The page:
Whether you’re an introvert or an extrovert, have the gift of gab, or simply don’t know how to make small chats, networking skills are critical to your business’s success. “All things being equal, individuals will do business with and refer business to those they know, like, and trust,” according to a business philosophy that I believe most of us agree to. The ability to create relationships is, of course, crucial.
Consider networking to be the development of win-win partnerships that are mutually beneficial. GIVE and TAKE are required for a win-win situation (notice the emphasis on giving). Networking should not be thought of as a series of “events” where you go to promote your company. When people network effectively, they actively share ideas, information, and resources, among other things.
So, you’re aware that networking is one of the most cost-effective lead generation activities when done correctly, appropriately, and professionally. However, it may appear that saying it is more difficult than doing it. Here’s a seven-step strategy for getting started with business networking:
Try out a few different groups to see which ones have the best chemistry and perceived worth
Most organizations will let you visit at least twice before requiring you to join. Ask around to see why others have joined and what benefit they derive from being a part of it.
Avoid the temptation to join the Chamber of Commerce just because everyone says you should. If that isn’t the case, you may be wasting a lot of time (and money).
I’m not saying that you shouldn’t join the Chamber of Commerce. Simply state your goals for this or any other group. If you want to locate new clients or referral sources, you’ll need to network.
Once you’ve found one or two groups, join them and attend as many meetings as you can
Don’t go expecting things to happen once or twice and then give up if they don’t. It will take time to develop mutually beneficial, win-win partnerships.
The people you meet should be able to see and hear your face all of the time. Continuous communication with others over time will allow you to delve deeper into each other’s views, ideas, and capabilities in relation to your individual businesses.
It takes time to get to know, like, and trust someone. It pays to be consistent and consistent.
Participate and show up
Make yourself as visible as possible within the company. Volunteer to assist in meetings, serve on committees, or lead or serve aboard.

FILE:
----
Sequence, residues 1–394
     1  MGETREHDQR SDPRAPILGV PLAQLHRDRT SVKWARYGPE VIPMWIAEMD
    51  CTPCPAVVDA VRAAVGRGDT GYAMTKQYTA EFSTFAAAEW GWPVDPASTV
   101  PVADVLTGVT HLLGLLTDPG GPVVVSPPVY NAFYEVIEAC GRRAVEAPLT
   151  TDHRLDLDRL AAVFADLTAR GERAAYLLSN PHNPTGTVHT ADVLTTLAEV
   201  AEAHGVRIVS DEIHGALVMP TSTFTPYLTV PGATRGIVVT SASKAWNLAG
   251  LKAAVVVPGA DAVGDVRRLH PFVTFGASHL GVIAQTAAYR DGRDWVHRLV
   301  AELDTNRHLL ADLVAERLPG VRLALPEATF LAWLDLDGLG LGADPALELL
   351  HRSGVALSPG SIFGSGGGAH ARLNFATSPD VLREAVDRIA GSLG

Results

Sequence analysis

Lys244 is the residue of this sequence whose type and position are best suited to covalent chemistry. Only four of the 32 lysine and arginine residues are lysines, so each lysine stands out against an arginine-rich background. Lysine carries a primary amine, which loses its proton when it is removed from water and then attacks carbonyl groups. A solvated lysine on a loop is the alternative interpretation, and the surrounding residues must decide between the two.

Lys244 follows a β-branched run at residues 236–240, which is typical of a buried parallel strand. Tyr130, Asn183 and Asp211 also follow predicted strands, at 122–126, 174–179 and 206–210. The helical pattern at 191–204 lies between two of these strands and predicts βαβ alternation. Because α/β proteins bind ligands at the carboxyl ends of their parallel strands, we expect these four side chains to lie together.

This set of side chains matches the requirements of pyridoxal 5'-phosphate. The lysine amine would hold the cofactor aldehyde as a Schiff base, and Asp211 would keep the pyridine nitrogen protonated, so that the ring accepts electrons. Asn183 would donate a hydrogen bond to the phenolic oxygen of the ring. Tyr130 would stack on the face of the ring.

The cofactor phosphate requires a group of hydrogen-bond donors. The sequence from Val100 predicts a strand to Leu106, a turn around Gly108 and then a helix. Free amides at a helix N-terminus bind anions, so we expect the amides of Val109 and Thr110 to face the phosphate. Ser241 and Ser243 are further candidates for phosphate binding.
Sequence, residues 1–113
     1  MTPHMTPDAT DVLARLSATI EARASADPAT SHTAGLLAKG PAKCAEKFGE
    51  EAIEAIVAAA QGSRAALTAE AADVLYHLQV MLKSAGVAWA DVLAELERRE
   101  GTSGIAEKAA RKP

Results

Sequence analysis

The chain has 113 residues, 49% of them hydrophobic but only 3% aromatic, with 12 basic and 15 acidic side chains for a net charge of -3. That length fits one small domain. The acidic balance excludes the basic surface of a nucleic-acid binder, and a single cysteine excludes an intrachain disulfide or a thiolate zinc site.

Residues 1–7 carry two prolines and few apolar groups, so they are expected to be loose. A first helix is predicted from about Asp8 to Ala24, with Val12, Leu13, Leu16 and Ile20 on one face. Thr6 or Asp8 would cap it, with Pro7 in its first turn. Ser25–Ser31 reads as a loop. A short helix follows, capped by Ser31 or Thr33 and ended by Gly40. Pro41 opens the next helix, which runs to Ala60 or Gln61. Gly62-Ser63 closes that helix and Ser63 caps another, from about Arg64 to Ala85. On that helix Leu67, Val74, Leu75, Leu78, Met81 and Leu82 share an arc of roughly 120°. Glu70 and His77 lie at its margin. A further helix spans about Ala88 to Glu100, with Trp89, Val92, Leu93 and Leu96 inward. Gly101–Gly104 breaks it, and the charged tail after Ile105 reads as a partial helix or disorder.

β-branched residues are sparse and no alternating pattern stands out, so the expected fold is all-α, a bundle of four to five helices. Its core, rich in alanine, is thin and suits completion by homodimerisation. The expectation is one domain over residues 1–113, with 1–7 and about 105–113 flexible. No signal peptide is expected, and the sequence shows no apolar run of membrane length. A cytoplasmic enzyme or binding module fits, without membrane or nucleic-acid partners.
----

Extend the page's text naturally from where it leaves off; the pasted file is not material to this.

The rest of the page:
You and your company benefit from being active in a variety of ways. For starters, you’ll have more chances to form connections and get to know some of the people you’ve met better. Second, the more visible you are in the group, the less effort you will have to put in into making new relationships. Instead, as new members join the organization, they will likely seek you out since they regard you as a leader.
Stay in touch with your contacts
Don’t expect that seeing someone once a month (or even once a week) would result in them conducting business with you or sending you something. To keep them informed and educated, you must let them know what’s happening while you’re not with that group.
Invite them to your open houses and activities. Send them emails or letters with important announcements or success stories, particularly if they or their networks of contacts are interested. Doesn’t this make sense if you believe you have great ideas, information, or resources to share?
Practice referring others and giving useful information
That’s exactly before you can obtain, you must first be willing to GIVE. That means you’ll have to get to know the other members and figure out what makes a good candidate for them. What kind of information do you have access to that you think they’d find useful?
You might believe at first that you don’t have much to offer people (besides your business and what you provide). Making no assumptions is an important part of learning to give well. For example, don’t assume that simply because someone is an “expert” in an area, they are familiar with some basic resource (e.g., a website). Ask if they’re aware of the resource and, if they aren’t, offer to share it with them.
Do you want to improve your referral skills? Here’s an easy question to pose to someone with whom you’ve struck up a conversation. “How will I know if I meet someone who is a good fit for you?”
You know, like, and trust factor will increase simply by your willingness to explore providing.
Prioritize quality over quantity
It’s not so much about how many relationships you create as it is about how good they are. Are these win-win partnerships mutually beneficial?
Because all parties engaged will be actively sharing ideas, information, and resources, quality relationships will be easily discernible. Yes, you must devote some time and effort to learning about the other person(s) and their priorities. You must, however, be specific and deliberately consider what information or resources you require.
Keeping in touch with and following up with a smaller number of high-quality relationships will be far more fruitful than attempting to follow up with a huge number of superficial contacts.
Be persistent, but patient in your efforts
The goal of a networking event should not always be to leave with leads, but rather to leave with great connections. The development and nurturing of relationships take time while networking.
Networking should not be viewed as a frightening prospect or a necessary evil of doing business. Remove yourself from the situation and concentrate on how you might connect with someone you meet. Prioritize them and look for opportunities to assist them. You’ll eventually be able to reap what you plant as your reputation as a connection grows.